Lambda the Ultimate

inactiveTopic Best PL tutorial/intro?
started 9/15/2003; 7:53:13 AM - last post 9/15/2003; 11:30:39 PM
Frank Atanassow - Best PL tutorial/intro?  blueArrow
9/15/2003; 7:53:13 AM (reads: 1004, responses: 7)
For pedagogical reasons, I've developed a habit of collecting programming language tutorials and introductions. I'm curious to know, then, which ones LtU readers have found most (and least) illuminating, interesting, accessible, insightful, (physically) attractive, professional, etc. and for what reasons.

For example, some reasons I like Robert Harper's Programming in Standard ML are that it starts off strong with a non-trivial example and penetrates deeper than the syntax and operational rules, also explaining how to exploit the language features. I also like the standard Python tutorial because it is short and non-threatening. Probably the best tutorial I've seen, though, is Sun's extensive Java Tutorial which, of course, looks thoroughly professional, is useful to a wide spectrum of audiences and includes many practical examples. How to Design Programs is also very good, though it is much more than a language tutorial.

On the other side, I've heard many people complain about A Gentle Introduction to Haskell, saying it is completely inaccessible. And I didn't like Picking Up Perl because it is too much of a laundry list of features and constructs.

What are your (least) favorites?

(All the examples I gave are available online, but if you know of some really good or bad printed materials I would also like to hear about it.)

Daniel Yokomiso - Re: Best PL tutorial/intro?  blueArrow
9/15/2003; 9:24:46 AM (reads: 1000, responses: 1)
Most accessible:
Teach yourself Scheme in Fixnum days
Java Tutorial
Programming Ruby

Illuminating but not accessible:
Communicating Sequential Processes
All About Monads
A page about call/cc

I can't remember much of the bad stuff, or wouldn't can them bad. I agree that most tutorials on Haskell are inaccessible. Currently I'm reading the Clean book and the Erlang book, both seem very fine so far.

Chris Rathman - Re: Best PL tutorial/intro?  blueArrow
9/15/2003; 11:40:10 AM (reads: 968, responses: 1)
With my biased predisposition, I'd have to say that Object Oriented Software Construction is a great intro to Eiffel (speaking of which I sure wish that Eiffel Liberty Journal was still extant).

I found "Gentle Intro to Haskell" near impossible to traverse. Much preferred Thompson's Haskell: The Craft of Functional Programming. The problem, of course, is how much exposure you've had to the concepts. For someone that is already immersed in functional programming that just wants to get into Haskell, then the Gentle Intro is probably ok. For those of us that knew neither FP in general, nor Haskell in particular, the Thompson book is much more accessible.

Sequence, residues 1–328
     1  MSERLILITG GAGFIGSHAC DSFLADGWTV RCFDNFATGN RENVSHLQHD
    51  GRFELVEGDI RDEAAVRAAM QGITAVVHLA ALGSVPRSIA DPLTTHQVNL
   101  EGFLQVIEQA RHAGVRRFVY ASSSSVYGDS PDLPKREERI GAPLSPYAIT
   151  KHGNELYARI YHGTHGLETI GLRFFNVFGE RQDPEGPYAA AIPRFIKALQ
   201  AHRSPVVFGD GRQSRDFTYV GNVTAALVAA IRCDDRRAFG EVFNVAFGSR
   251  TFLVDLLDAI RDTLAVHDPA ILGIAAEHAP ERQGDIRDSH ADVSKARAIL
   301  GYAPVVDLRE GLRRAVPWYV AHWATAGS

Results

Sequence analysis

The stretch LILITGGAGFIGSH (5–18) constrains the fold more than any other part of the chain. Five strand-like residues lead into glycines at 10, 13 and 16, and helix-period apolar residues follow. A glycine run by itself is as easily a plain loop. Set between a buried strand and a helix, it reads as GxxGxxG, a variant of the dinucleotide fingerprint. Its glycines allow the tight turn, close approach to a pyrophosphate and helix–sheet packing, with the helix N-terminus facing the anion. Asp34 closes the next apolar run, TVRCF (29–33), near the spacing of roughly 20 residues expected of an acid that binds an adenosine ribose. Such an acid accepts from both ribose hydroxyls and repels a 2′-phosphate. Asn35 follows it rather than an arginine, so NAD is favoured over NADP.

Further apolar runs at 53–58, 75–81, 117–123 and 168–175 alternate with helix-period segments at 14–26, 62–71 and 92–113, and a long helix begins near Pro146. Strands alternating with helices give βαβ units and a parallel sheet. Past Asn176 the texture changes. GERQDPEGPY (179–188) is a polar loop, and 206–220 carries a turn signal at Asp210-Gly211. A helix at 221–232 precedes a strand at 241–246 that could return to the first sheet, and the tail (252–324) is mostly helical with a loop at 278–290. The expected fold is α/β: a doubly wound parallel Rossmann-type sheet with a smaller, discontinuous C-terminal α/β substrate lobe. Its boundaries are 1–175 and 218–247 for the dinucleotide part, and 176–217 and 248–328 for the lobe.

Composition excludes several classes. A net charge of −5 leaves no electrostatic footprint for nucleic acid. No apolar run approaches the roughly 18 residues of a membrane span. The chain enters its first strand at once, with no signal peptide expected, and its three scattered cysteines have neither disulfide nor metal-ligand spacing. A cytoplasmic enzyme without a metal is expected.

Postscript: I guess I ought to explain why I like OOSC. I tend to like language tutorials that not only tell you how to do something, but give you a clue of why the language was designed in that manner. In reading OOSC, the author explains the rationale for the various syntactical choices, explaining along the way some of the alternatives. In some sense, I felt like I was part of the language design process. That sense of playfulness in language construction is usually confined to the Lisp books.

Bryn Keller - Re: Best PL tutorial/intro?  blueArrow
9/15/2003; 11:44:13 AM (reads: 978, responses: 0)
For Haskell tutorials, I've heard good things about Yet Another Haskell Tutorial, though I haven't yet read it myself.

Ehud Lamm - Re: Best PL tutorial/intro?  blueArrow
9/15/2003; 11:55:36 AM (reads: 967, responses: 0)
A thousand page tutorial? I thought one of the requirements for tutorials is to be short...

Chris Rathman - Re: Best PL tutorial/intro?  blueArrow
9/15/2003; 12:03:06 PM (reads: 944, responses: 0)
A thousand page tutorial?
Hey, I want a full-time tutor that will stay with me for a whole semester. :-)

Ok, so neither of the books I cited qualify as a tutorial, but they are both good intros. But I prefer my language introductions to be bounded and hard copied.

Patrick Logan - Re: Best PL tutorial/intro?  blueArrow
9/15/2003; 10:01:56 PM (reads: 817, responses: 0)
A thousand page tutorial?

The first edition of OOSC better served as a tutorial. The rewrite actually tries too hard. There are at least two, probably three, books in the latest OOSC.

David B. Wildgoose - Re: Best PL tutorial/intro?  blueArrow
9/15/2003; 11:30:39 PM (reads: 803, responses: 0)
I found the best introduction to Haskell is the concise and very clear explanation at the beginning of Algorithms: A Functional Programming Approach which, as the title suggests, is actually more about the application of Haskell than the language itself.

Sadly, it doesn't cover monads, but I think that is well covered by Jeff Newbern's All about Monads.

I have also been very impressed by the forthcoming Oz book "Concepts, Techniques and Models of Computer Programming".